23 Jan 2019, Blog

New year, brave new world: Industry 4.0 trends for four industries in 2019 (Part 2)

(Part two of a two-part series)

Analysts say we’re in the midst of a fourth industrial revolution – Industry 4.0. The third industrial revolution brought us computer and automation advances. The fourth is all about the connection of digital and physical technologies, including robotics, the Internet of Things, cloud computing, Artificial Intelligence, Blockchain, and more.

Industry 4.0 has received a lot of media buzz in recent years. The trends that characterize this new industrial world, however, are far more than spin. Analysts say it’s critical to understand how each impacts your industry, in any industry. In this second part of our two-part story, we’re going to look at how Industry 4.0 trends are expected to affect the mining industry and the water/wastewater industry in 2019.


Water and Wastewater | Industrial Control Systems

Throughout the first three industrial revolutions, the issue of security was primarily physical for most companies: door locks, security guards, asset tags, etc.. Today, digital vulnerability is a much bigger concern. The very industrial controls that add efficiency and capability to an operation also put it at risk for a data breach or interference.

Water and wastewater facilities have increasingly embraced the benefits of industrial control systems, such as SCADA systems, RTUs, operational technology and information technology. Since municipal and industrial services depend heavily on water and wastewater services, experts like Kevin Morley, of the American Water Works Association (AWWA) who works on issues of security and preparedness of critical infrastructure, say vigilance around the issue of cyber security is key for water and wastewater facilities.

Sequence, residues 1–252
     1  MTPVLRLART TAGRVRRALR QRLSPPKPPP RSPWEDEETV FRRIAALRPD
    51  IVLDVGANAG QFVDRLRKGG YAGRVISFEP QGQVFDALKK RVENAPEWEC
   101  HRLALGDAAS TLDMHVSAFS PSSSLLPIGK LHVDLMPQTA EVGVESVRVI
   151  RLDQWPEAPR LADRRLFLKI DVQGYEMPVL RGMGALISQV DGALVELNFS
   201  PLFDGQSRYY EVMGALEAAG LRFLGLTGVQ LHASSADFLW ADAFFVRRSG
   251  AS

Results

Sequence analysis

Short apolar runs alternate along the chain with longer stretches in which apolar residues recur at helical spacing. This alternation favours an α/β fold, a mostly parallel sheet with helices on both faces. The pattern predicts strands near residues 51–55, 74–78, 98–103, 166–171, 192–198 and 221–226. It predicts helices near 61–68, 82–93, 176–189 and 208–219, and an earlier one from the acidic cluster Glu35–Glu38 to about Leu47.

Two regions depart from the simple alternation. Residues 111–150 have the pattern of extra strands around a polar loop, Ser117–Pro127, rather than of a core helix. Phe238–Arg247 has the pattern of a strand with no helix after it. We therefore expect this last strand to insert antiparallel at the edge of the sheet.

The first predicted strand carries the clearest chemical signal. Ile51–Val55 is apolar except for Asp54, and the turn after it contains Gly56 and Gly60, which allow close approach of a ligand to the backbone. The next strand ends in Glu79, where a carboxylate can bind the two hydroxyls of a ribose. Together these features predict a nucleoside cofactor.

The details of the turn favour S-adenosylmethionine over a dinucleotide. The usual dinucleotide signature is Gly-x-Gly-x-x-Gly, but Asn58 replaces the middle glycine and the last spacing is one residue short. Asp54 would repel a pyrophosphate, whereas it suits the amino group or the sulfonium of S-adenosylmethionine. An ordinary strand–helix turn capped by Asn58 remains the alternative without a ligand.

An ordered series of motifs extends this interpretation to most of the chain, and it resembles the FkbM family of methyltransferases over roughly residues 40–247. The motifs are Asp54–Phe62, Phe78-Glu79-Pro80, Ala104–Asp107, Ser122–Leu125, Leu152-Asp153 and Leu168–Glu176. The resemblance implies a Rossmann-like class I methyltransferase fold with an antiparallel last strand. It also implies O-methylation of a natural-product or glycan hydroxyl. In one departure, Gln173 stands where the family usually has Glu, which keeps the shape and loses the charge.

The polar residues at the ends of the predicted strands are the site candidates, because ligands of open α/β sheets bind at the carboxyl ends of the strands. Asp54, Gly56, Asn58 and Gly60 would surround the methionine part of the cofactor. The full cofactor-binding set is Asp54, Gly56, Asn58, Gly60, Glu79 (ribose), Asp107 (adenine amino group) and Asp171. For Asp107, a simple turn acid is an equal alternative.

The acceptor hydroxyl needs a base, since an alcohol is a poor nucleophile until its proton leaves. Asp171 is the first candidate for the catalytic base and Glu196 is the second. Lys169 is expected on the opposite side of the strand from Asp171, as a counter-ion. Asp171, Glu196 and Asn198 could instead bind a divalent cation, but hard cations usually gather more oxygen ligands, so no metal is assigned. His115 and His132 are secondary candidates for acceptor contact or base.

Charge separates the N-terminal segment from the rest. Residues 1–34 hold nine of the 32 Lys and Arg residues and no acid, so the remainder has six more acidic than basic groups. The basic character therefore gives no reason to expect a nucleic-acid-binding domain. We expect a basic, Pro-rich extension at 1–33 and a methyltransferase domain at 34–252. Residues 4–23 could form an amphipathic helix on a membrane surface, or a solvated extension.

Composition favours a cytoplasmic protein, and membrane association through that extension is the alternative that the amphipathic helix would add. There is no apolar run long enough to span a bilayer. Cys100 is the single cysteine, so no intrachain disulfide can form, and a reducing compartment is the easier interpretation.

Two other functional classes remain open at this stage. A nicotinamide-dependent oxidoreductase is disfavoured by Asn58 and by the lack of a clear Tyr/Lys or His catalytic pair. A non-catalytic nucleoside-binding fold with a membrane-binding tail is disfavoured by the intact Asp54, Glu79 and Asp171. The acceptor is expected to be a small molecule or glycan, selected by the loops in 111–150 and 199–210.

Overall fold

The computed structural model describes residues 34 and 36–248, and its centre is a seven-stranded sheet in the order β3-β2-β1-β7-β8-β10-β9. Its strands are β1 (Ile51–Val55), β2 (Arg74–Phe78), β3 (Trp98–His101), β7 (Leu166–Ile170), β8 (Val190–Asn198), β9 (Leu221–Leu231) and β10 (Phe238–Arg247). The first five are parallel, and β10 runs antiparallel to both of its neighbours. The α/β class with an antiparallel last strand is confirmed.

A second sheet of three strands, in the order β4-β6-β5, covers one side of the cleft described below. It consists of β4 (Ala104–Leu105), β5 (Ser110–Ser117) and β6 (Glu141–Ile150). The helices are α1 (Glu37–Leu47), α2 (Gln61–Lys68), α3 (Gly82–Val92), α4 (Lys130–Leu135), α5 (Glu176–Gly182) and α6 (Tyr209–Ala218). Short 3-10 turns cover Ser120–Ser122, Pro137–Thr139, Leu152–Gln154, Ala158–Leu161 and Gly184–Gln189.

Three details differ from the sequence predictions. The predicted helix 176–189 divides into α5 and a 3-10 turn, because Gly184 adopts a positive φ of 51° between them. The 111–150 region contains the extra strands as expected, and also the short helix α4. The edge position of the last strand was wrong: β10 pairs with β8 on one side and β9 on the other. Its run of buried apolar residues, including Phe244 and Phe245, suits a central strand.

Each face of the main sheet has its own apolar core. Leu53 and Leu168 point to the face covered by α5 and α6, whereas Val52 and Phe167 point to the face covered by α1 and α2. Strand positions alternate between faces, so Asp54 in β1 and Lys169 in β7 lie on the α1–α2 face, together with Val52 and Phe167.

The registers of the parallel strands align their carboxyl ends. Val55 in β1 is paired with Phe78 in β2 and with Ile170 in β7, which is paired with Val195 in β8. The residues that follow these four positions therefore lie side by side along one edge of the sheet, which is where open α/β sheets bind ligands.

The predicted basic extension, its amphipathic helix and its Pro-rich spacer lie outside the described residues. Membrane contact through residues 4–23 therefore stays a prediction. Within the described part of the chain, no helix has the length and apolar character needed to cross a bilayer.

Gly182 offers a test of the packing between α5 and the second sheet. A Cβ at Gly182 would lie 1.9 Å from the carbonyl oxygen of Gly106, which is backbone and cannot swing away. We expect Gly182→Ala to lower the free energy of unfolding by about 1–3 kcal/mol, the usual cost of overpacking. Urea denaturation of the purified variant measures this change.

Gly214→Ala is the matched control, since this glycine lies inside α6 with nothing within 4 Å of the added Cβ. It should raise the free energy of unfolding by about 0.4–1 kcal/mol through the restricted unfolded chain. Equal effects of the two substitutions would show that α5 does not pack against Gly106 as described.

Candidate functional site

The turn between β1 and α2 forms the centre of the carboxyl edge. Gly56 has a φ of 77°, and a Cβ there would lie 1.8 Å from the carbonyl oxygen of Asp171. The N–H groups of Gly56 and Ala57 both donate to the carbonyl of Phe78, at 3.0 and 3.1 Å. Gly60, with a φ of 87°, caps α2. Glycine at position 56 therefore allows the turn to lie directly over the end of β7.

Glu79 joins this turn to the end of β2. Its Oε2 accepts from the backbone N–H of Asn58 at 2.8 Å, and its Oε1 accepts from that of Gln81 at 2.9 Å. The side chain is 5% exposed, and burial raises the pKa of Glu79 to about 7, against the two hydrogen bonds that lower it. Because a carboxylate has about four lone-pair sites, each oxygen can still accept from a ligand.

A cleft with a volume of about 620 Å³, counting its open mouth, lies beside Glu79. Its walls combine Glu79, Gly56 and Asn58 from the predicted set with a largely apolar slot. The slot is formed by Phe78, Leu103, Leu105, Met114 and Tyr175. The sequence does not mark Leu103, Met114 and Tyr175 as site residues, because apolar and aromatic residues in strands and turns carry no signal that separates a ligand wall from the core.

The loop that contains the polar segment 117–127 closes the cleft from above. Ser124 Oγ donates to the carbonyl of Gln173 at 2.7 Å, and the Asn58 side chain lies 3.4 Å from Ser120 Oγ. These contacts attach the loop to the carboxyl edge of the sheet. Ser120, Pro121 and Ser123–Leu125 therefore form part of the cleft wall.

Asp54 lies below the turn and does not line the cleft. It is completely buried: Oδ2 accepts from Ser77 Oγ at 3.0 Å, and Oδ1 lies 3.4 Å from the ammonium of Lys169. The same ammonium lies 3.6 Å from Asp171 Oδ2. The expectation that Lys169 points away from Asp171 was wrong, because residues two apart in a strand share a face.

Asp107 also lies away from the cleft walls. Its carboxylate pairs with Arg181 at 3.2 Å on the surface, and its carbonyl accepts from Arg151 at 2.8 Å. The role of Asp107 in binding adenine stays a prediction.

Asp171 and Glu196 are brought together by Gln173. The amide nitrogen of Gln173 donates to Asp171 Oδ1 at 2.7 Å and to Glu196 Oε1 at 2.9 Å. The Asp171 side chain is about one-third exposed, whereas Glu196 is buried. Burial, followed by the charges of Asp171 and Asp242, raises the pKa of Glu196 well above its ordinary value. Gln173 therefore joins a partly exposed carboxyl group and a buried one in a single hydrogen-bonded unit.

“New technologies are certainly increasing threat surface and also heightening potential consequence of attack,” Morely told WaterWorld magazine. “Advanced metering infrastructure and energy management systems bring great benefits, but it’s critical to acknowledge the implications of these technologies in terms of supply-chain security.”

Artificial Intelligence – Machine Learning

Mining | Autonomous equipment

In mining, where capital and operating costs are high, even small efficiencies can make an extraordinary impact on the bottom line. It’s for this reason that many mining companies are embracing the potential of artificial intelligence and machine learning in their operations.

The most well-known example of AI in mining is the use of autonomous trucks, drills and dozers. It’s a trend that’s growing slowly, but analysts expect further growth in the next three to five years.

In mining, sorting rocks and debris to reach what you want to extract is an expensive endeavor. Mining companies have begun to use AI sorting machines that can sort the mined material based on a programmed set of criteria. This smart equipment brings savings in fuel and energy during processing, a benefit that will likely inspire continued adoption over 2019.


  • Tim Hanley, Andy Daecher, Mark Cotteleer, Brenda Sniderman, “The Industry 4.0 Paradox,” Deloight Insights, Oct. 10, 2018.

  • William Steel, “Cybersecurity for water utilities,” WaterWorld, Oct. 1, 2018,

  • Matthew Gilewicz, “Which market trends will affect the mining equipment industry in 2019?” Wallenius Wilhelmsen Solutions, Dec. 2018.

  • Bernard Marr, “The 4th Industrial Revolution: How Mining Companies Are Using AI, Machine Learning and Robots,” Forbes, Sept. 18, 2018.